Amidst an increasingly unpredictable political season, tonight the Iowa caucuses will finally cast the first votes of the 2016 presidential campaign. It's an outsider vs. establishment war in both parties, as Republican leaders struggle to dislodge Donald Trump and Ted Cruz from the top while Hillary Clinton marshalls her endorsements and long résumé against the populist zeal of democratic socialist Bernie Sanders. The best guesses of FiveThirtyEight, BetFair, and Ann Selzer's gold-standard Des Moines Register poll all favor Trump and Clinton, but the race remains very close, and turnout in the demanding and complicated caucus events will be key. Vox provides a helpful video explainer on the process [previously]. Pass the time with FiveThirtyEight's 40-minute elections podcast, and keep an eye on the New York Times live blog of the caucuses for real-time updates once voting starts at 8:00 PM Eastern -- and don't forget to leave your two cents in the MeFi election prediction contest!
A Dream Undone: Inside the 50-year campaign to roll back the Voting Rights Act.
With the U.S. Presidential election about 3 months away, and voter ID laws headed to court this Wednesday in Pennsylvania and in other states like Texas and Minnesota, Propublica tells you Everything You’ve Ever Wanted to Know About Voter ID Laws. A solution to a nonproblem. [Previously] [more inside]
It's Election Day in America, and as is so often the case in this fickle land, the results of the 2010 midterm elections are up in the air. Although President Obama's party is expected to suffer significant losses, record numbers of districts remain competitive, and even minute errors in polling could mean the difference between a historic Republican landslide and an unexpectedly robust Democratic defense. At stake are control of not just the Senate and House, but myriad state and local offices, many of which will play key roles in the dynamics of the 2012 presidential race -- and, more subtly but no less crucially, the once-in-a-decade congressional redistricting process. Much uncertainty surrounds the behavior of the electorate -- how many will turn out, and how informed will they be? To help move those statistics in the right direction, look inside for voter guides, national and state fact checkers, and an assortment of other resources to keep tabs on as the results roll in. [more inside]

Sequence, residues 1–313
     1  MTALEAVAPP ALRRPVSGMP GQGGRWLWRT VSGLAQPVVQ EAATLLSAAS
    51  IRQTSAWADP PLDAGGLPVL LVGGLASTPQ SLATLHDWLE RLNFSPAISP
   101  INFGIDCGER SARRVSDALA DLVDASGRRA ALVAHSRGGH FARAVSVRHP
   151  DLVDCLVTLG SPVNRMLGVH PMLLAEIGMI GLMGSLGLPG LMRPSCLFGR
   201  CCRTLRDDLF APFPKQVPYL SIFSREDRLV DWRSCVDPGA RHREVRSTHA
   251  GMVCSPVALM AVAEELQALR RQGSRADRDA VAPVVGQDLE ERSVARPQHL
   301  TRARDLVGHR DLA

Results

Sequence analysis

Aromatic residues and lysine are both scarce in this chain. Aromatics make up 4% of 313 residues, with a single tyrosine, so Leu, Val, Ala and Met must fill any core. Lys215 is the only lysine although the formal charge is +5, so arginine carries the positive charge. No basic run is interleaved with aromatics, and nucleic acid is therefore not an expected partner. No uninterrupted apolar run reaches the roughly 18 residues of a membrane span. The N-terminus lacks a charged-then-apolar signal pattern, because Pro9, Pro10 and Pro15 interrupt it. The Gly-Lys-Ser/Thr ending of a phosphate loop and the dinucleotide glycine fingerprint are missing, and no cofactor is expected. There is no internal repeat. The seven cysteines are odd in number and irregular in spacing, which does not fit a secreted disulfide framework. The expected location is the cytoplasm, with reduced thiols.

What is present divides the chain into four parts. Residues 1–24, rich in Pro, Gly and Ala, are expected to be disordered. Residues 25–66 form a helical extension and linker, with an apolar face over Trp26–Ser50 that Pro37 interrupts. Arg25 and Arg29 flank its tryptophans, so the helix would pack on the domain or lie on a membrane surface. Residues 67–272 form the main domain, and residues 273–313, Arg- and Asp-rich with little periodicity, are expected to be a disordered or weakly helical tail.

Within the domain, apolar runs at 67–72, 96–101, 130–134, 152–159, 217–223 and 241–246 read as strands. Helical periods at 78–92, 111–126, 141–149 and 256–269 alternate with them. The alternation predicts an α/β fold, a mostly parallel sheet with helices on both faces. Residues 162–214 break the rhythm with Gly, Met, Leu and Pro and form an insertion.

Whooops! While making a required filing to the state ethics commission, Ohio Secretary of State and gubernatorial candidate Kenneth Blackwell finds Diebold shares in his stock portfolio that he now claims to have bought "accidentally." Yes, that Diebold -- the e-voting company whose chairman promised to "deliver the vote" to George Bush. And yes, that Blackwell, whose state helped deliver the White House to the GOP. Blackwell insists that the humble amount of Diebold stock was in one of those "blind trust" type of arrangements that worked out so rewardingly for Senate Majority Leader Bill Frist. [newsfilter via RawStory.]